- Manufacturing incentives: “Dedicated grants and funding to help manufacturers retool and build new factories will help ensure U.S. global leadership in electric vehicle manufacturing, including EV components and batteries. Biden will announce additional detail on his plan to support auto jobs in the weeks ahead.”
Electric Cars at a Crossroads
Vice President Biden’s site states that “he will work to develop a new fuel economy standard that goes beyond what the Obama-Biden Administration put in place.” That standard, later rolled back under the Trump Administration, mandated a Corporate Average Fuel Economy standard of 46.7 mpg for cars and light trucks by the 2025 model year, amounting to 5% annual increases rather than the current 1.5%, resulting in 40.4 mpg by 2025.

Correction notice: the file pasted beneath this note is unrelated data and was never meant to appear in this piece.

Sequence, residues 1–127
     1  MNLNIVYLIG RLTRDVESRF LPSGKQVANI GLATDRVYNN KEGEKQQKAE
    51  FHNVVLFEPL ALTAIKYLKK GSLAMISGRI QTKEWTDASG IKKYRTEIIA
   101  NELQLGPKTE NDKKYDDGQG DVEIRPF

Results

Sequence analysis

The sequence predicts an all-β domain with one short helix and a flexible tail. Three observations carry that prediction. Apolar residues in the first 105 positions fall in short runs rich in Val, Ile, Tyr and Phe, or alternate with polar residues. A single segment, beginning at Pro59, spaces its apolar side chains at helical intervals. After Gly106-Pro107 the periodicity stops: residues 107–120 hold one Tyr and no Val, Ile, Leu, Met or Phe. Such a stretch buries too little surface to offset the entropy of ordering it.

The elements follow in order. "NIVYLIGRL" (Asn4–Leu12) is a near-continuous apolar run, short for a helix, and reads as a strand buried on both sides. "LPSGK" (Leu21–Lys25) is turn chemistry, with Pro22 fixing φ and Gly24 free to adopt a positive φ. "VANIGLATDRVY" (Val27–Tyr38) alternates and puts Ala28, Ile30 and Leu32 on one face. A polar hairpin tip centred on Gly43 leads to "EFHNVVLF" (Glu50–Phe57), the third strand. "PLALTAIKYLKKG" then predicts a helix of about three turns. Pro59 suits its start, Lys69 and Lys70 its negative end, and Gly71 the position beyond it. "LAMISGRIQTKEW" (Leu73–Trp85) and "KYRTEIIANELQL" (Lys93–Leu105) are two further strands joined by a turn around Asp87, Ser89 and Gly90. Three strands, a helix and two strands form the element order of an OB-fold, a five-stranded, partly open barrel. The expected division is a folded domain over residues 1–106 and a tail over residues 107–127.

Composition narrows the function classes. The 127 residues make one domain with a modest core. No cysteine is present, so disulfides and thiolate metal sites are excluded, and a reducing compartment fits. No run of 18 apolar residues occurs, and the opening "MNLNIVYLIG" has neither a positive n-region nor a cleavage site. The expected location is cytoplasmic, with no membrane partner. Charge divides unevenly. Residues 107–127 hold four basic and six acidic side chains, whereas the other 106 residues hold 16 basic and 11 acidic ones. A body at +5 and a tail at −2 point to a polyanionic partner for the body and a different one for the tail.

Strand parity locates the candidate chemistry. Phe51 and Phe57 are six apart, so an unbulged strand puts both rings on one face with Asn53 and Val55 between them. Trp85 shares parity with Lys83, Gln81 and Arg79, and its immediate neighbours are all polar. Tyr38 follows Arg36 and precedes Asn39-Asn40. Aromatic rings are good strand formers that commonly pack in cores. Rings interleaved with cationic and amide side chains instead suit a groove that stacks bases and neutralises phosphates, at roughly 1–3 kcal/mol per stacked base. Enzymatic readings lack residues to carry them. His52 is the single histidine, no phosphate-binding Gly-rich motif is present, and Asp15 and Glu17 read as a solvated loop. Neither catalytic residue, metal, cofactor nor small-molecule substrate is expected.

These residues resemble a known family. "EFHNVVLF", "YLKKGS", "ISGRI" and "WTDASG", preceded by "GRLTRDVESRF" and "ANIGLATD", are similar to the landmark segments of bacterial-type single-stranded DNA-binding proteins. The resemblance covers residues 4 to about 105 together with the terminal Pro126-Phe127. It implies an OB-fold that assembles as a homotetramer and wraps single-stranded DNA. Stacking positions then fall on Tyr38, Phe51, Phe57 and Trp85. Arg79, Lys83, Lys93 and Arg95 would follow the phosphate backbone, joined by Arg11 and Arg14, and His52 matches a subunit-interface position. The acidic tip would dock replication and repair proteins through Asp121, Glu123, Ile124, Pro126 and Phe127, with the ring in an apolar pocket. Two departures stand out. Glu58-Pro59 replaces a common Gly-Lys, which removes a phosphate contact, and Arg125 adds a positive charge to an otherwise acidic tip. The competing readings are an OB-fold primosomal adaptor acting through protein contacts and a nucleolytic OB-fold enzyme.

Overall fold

However necessary the reversion to a more aggressive target may be, it doesn’t change the fact that the numbers are about 30% higher than what appears on vehicle window stickers (old, unrealistic calculations are behind it), the near certainty that any progress will stall in the courts for years as automakers variably support and then push back on the change, and as states fight for their perceived right to set their own rules, be they more or less ambitious. Even without these complications, CAFE changes take time to show results — years for consumers.
For electric cars, however, the change could come faster. Biden’s declaration of climate change as a “core national security policy” lays the groundwork for him to take unilateral action even without majority congressional support, if he’s learned anything from the current president about pushing boundaries. (Witness President Trump’s use of Section 232 of the 1962 Trade Expansion Act to threaten action against the “national security threat” of imported cars.)